Desire, death and Hollywood collided over the weekend during the opening of LA Opera’s 2008-2009 season. In a unique development, the four operas now playing in repertory at the Dorothy Chandler Pavilion through September 27 are directed by filmmaking heavyweights William Friedkin, Woody Allen and David Cronenberg, with Allen and Cronenberg directing operas for the very first time.
To be sure, the two one-act operas directed by the more experienced Friedkin in Puccini’s Il Trittico are the standout productions, while Allen takes over as director with his comic depiction of the third act. Of special interest to Movie Dearest readers though is the anxiously awaited US premiere of The Fly: The Opera, Cronenberg's operatic debut.
It is adapted by composer Howard Shore and librettist David Henry Hwang (who previously partnered with Cronenberg and Shore on the film based on his play, M. Butterfly) from Cronenberg’s gross-out 1986 horror film,as well as from the original short story and cheesy 1958 moviethat inspired Cronenberg’s version. The opera’s initial performance left the audience divided, but impressed me in several ways.
First, the work is cleverly set in the 1950’s, making the sexual politics and bodily decomposition carried over from the 1986 movie all the more shocking. The time period also provides a ripe setting for satiric jabs at technology and the scientific community, adding some touches of humor to what was cinematically a largely humorless affair.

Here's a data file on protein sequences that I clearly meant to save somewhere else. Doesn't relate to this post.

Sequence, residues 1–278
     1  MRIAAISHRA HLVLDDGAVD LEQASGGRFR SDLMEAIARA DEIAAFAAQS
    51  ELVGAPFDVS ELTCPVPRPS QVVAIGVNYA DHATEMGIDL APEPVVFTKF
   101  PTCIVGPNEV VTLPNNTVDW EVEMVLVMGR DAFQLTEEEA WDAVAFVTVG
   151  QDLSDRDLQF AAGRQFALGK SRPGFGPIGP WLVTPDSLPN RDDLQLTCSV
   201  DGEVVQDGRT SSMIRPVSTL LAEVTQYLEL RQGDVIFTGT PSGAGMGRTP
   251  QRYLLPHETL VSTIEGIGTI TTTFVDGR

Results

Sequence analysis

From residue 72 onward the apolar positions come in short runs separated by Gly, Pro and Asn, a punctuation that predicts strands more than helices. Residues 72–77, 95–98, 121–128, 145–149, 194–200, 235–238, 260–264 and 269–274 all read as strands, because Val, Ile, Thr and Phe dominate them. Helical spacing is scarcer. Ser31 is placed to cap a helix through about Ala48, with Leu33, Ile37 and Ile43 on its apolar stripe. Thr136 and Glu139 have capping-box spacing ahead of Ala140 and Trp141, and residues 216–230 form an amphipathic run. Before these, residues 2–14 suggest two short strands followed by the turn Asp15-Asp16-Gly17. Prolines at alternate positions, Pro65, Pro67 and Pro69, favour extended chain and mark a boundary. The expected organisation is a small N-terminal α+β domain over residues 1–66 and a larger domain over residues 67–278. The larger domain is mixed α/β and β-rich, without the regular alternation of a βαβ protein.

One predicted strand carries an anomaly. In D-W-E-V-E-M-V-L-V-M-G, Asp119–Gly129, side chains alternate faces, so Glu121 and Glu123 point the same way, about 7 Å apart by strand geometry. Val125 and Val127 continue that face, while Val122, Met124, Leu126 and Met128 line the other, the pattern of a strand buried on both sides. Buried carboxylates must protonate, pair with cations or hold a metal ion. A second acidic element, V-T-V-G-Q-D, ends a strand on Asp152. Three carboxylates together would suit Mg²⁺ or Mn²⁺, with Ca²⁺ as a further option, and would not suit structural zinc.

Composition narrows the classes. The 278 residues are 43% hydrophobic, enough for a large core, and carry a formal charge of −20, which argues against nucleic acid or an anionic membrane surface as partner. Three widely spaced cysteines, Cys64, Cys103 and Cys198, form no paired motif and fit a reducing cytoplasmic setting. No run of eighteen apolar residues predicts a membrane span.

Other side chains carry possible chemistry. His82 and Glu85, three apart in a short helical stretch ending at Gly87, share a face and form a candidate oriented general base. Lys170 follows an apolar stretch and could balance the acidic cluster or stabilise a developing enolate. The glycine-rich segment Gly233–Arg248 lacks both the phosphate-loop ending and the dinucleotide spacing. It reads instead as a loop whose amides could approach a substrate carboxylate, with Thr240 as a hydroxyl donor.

Mad, doomed scientist Seth Brundle (a vocally and physically bravura performance by Daniel Okulitch) still has his genes mixed up accidentally with those of a housefly while testing his telepods. Expanding on the film versions, Brundle’s ultimate goal isn’t just to move people from one place to the next instantaneously. Rather, he hopes to separate mind and spirit from their fleshly “prisons,” and his telepods are only the first step in that evolution.
In an inspired touch, the opera’s chorus sings the role of the telepods, or rather the computer that operates them. The telepods, designed along with the rest of the set by Dante Ferretti, dominate the stage throughout. While they are impressively used, one does long at times for more of a human element. Cronenberg made a mistake, in my opinion, hiding the chorus in the wings. Having the singers onstage could have been visually interesting and help fill in some obvious transitional gaps.
The role of Veronica, the reporter who becomes Brundle’s muse and lover (well sung by Ruxandra Donose despite some volume issues), is definitely an improvement over previous incarnations; she’s a fully-realized character in the opera and not just someone to react in horror as Brundle deteriorates. In fact, Veronica never screams, as might be expected.
I appreciated the libretti, with Brundle, the telepods/chorus and Veronica pining for “the New Flesh to come” and an affecting incorporation of the films’ “Help me!” and “Be afraid, be very afraid.” Shore is a minimalist composer, so the music leans more toward Glass or Adams than Puccini or Mozart. Some attendees were bemoaning the absence of melody as a result.
Finally, the make-up, puppet work (I loved the baboon) and special aerial effects (yes, Brundle-Fly still crawls on the rafters) are excellent. I was dubious when I saw a publicity shot of Okulitch in full-body fly attire, wondering how he could sing, let alone move, in it. It turns out he does so very well, and his metamorphosis evokes the ravages of AIDS (as it did in Cronenberg’s movie) despite the opera’s being set three decades earlier.
Is The Fly: the Opera one for the ages? Initial critical and audience reaction indicate not, but many an opera in the past has met with disdain upon opening only to be regarded a classic generations later. The singing Brundle-Fly’s time may yet come.
Review by Rev. Chris Carpenter, resident film critic of Movie Dearest and the Orange County and Long Beach Blade.